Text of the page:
The greatest example of this is perhaps the single most iconic image conjured up when one is talking about health:  the food pyramid.  This guideline for the way we should eat is so flawed yet so deeply ingrained into our society and economic structure that we cannot change it.  The story of the modern food pyramid began when the government obtained copies of Sweden’s food pyramid, and used it as a basis for a new guideline in the United States.  This was not a particularly smart move, considering that at the time, Sweden’s heart disease rate was even greater than our own. While it may not have been the most intelligent move health wise, it supported the economic and agricultural demands of the U.S. and is now so overlooked and understudied that it has become synonymous with healthy, even though it is anything but.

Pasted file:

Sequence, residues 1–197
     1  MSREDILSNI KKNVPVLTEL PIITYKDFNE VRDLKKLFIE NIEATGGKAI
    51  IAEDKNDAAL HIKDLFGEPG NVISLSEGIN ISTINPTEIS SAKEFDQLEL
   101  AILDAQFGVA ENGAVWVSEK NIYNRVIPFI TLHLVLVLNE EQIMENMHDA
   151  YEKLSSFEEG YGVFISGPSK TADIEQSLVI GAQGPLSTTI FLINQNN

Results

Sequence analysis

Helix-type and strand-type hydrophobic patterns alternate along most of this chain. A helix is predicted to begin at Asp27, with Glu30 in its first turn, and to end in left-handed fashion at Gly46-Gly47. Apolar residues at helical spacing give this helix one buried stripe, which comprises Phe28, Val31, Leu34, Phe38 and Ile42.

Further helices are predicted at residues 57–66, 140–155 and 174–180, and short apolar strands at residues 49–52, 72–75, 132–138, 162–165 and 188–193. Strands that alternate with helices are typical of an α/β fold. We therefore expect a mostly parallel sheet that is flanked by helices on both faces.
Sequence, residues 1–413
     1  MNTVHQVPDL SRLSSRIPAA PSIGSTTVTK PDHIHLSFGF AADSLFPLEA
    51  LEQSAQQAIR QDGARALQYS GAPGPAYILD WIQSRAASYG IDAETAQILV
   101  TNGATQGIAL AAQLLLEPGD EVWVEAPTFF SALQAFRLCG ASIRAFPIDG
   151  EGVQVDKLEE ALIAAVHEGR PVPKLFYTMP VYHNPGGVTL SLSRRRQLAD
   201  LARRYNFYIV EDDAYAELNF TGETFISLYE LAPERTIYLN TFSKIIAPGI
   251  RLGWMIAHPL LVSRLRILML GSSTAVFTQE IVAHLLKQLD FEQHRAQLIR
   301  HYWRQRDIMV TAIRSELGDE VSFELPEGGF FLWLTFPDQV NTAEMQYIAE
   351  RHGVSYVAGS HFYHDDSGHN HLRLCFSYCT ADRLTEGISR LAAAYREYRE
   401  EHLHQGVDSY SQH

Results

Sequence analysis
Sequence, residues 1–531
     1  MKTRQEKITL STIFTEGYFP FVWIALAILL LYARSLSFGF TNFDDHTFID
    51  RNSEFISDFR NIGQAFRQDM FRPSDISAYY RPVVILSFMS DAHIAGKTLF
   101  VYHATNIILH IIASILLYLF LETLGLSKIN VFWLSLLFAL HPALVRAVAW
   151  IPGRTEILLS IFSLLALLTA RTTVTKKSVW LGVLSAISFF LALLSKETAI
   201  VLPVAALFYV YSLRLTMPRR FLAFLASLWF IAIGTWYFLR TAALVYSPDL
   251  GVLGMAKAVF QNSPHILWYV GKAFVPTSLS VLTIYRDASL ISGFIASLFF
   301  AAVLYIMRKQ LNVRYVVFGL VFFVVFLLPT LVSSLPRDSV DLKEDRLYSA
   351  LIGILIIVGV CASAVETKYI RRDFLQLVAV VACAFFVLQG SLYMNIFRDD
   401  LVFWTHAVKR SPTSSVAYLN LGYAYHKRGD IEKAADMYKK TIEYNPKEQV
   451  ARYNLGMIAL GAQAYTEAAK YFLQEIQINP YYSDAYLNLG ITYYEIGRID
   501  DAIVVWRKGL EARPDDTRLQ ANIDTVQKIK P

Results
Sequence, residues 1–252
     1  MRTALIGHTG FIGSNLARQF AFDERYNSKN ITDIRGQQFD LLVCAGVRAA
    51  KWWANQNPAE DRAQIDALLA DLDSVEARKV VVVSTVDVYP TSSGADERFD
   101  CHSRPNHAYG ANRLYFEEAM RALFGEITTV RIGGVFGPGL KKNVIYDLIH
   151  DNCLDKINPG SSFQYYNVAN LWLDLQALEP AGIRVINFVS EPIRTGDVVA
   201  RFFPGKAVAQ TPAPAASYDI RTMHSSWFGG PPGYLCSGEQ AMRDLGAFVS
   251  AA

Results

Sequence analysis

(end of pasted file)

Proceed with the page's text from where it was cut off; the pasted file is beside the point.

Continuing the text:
The key flaw in this food pyramid was and still is the bottom.  The common misconception being that bread is the most important food to eat, even more so than fruits, vegetables, and protein products.  Nobody in their right mind would actually start a diet with the mentality:  I want to be thin, help me Wonderbread!  However, if we were to adopt a more correct food pyramid, imagine what it would do to companies like Kellogg’s and Nabisco.  The fact of the matter is that we cannot alter the food pyramid because we adopted it to further our economy not our health.  I am not saying that I would rather have us be thin than economically stable, but I am telling you that heath was not the prime goal for this symbol of nutrition.  Someone who adheres directly to the food pyramid and eats their six to eleven servings of breads and carbohydrates each day is likely to develop diabetes before they reach sixty.  Eating carbohydrates spikes your insulin level, which means that you store more fat and then your blood sugar rises.  Yet another problem with the way we eat is the assumption that fat of any kind will make us fat, and that anything with the words low fat on them implies an excuse for us to dine on low fat brownies, cupcakes, ice cream, etc.  The problem here being that eliminating the fat has not eliminated the carbs, and the same bad stuff happens.